The title alone tells you that people don't think about the Volkswagen Beetle the same way they think about other cars.
Missoula filmmaker Damon Ristau's documentary, "The Bug: The Life and Times of the People's Car," offers a history of the Beetle, which has been described as human-like, cute, organic, homely, reliable, populist, cheap and honest.
"The Bug" is a sequel to the Missoula filmmaker's "The Bus," a history of the other VW classic, and offers a broad history of the vehicle and its enduring appeal.
Ristau re-creates the story with ample footage dating back to the 1930s, along with interviews with experts and enthusiasts like Jason Torchinksy, a writer for the auto website Jalopnik; Tory Alonzo, a young Santa Monica collector and historian; Andrea Hiott, author of "Thinking Small: The Long, Strange Trip of the Volkswagen Beetle"; and actor Ewan McGregor, an avid fan.
Ristau traveled to Germany and also made stops in California and Mexico City.
As the locales and the breadth of history suggest, "The Bug" is by no means a "Montana documentary." The Montana portion of the story and the second narrative thread comes early in the film with Jason Willenbrock, who illustrates the lengths, pains, joys and frustrations of restoring a Bug.
Willenbrock, who co-owns Missoula's Posh Chocolat with his wife Ana, fixes up Volkswagens in his free time, as a passion and stress relief.
He travels out to Clearwater Junction to buy a 1960 model from Corky Lord, a retired woman who drove out to Montana decades ago with her husband in a Bug to start a family. He'd bought one and had plans to restore it when he was diagnosed with cancer and died not long after.
Lord kept the car in storage for some 20 years before deciding to sell it. Willenbrock, admiring the great frame, with parts wrapped and ready for restoration, buys it for $500 and vows to bring it back to show Lord the vehicle when he's done.
Ristau checks in monthly with Willenbrock's work, which shows all the pains and setbacks of rebuilding a classic car, ones that are masked when you see a shiny, finished product drive by on the street.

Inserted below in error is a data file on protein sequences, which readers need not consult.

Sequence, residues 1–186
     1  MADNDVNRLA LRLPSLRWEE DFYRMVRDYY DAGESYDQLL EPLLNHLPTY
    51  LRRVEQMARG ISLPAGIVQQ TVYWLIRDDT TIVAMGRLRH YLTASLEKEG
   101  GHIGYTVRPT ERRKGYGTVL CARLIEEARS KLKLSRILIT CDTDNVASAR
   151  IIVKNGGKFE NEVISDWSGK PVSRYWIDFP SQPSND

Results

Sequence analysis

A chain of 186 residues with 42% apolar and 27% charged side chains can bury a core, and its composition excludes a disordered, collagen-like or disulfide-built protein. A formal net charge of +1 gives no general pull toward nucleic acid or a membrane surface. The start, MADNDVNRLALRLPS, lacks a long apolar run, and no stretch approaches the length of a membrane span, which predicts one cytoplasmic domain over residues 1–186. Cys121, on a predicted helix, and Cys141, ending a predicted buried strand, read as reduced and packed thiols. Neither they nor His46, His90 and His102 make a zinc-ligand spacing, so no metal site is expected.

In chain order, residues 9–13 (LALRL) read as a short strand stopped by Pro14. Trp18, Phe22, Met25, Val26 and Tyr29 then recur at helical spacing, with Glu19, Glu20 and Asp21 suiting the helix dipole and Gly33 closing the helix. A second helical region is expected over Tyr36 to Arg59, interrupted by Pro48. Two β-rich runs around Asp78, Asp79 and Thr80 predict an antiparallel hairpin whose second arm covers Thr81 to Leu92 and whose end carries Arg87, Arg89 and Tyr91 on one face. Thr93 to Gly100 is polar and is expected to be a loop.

The film flips back and forth between VW history and Willenbrock and the contemporary Beetle-lovers' personal histories.
Ristau traces the origins back to Germany in the pre-war years, when there was a broad sense that the country needed its own "People's Car," much like Ford had created in the U.S.
The experts interviewed give much credit to Josef Ganz, an auto writer who spread many of the ideas that made the Bug revolutionary and went on to design several proto-Beetles himself.
Ferdinand Porsche was responsible for the finished design, and Ganz, a Jewish man, who fled the Nazis and was subsequently written out of the popular story of the Beetle.
The factory helped revive the British-held portion of post-war Germany, and after a rocky start began to gain a foothold in the United States.
With a quirky ad campaign that highlighted its unusual design and low cost, the Bug caught on during the 1960s, when it seemed the opposite of the massive, gas-guzzling cars the World War II generation favored.
Through numerous interviews with these experts/enthusiasts, Ristau makes a clear argument for the vehicle's appeal, once broad and now more cult-like.
Hoitt explains how the vehicle's design was refined for some 20 years until it reached the minimum number of parts required, much like nature does. There's also it's welcoming, organic curves.
To most Americans, the story of the Beetle ends in the late 1970s, when domestic production ceased due to steep competition from cheap, reliable Japanese automobiles.
Ristau takes us through an odd footnote down to Mexico, where the vehicles remained ubiquitous, thanks to their low cost and durability made them popular. They even had a brief reign as the most popular form of taxi until safety concerts led to a ban.
Ristau does address the company's recent scandal in which it falsified emissions data, and the tarnish that's thrown on the "honest vehicle" image its appeal was built on. However, many super-fans acknowledge that by the time VW began producing the Beetle again in the 1990s, it was a different company and it wasn't the same vehicle at all.
The tone of the film has more than its fair share of nostalgia, but that's inherent in the subject of classic cars. Both McGregor and Alonzo say their mothers owned Beetles when they were young, and the memories attached to the cars are part of the appeal. The film gives the 1960s its due, but doesn't dwell on the counterculture as much as many viewers might expect.
Instead, he gives more time to modern fans like Alonzo, Willenbock and McGregor, who help lay out the freedom and attachment people develop with cars, especially ones that look, as Hoitt says, like "it created itself."
Like the Bug itself, Ristau's film is a personalized, often funny and well-designed vehicle.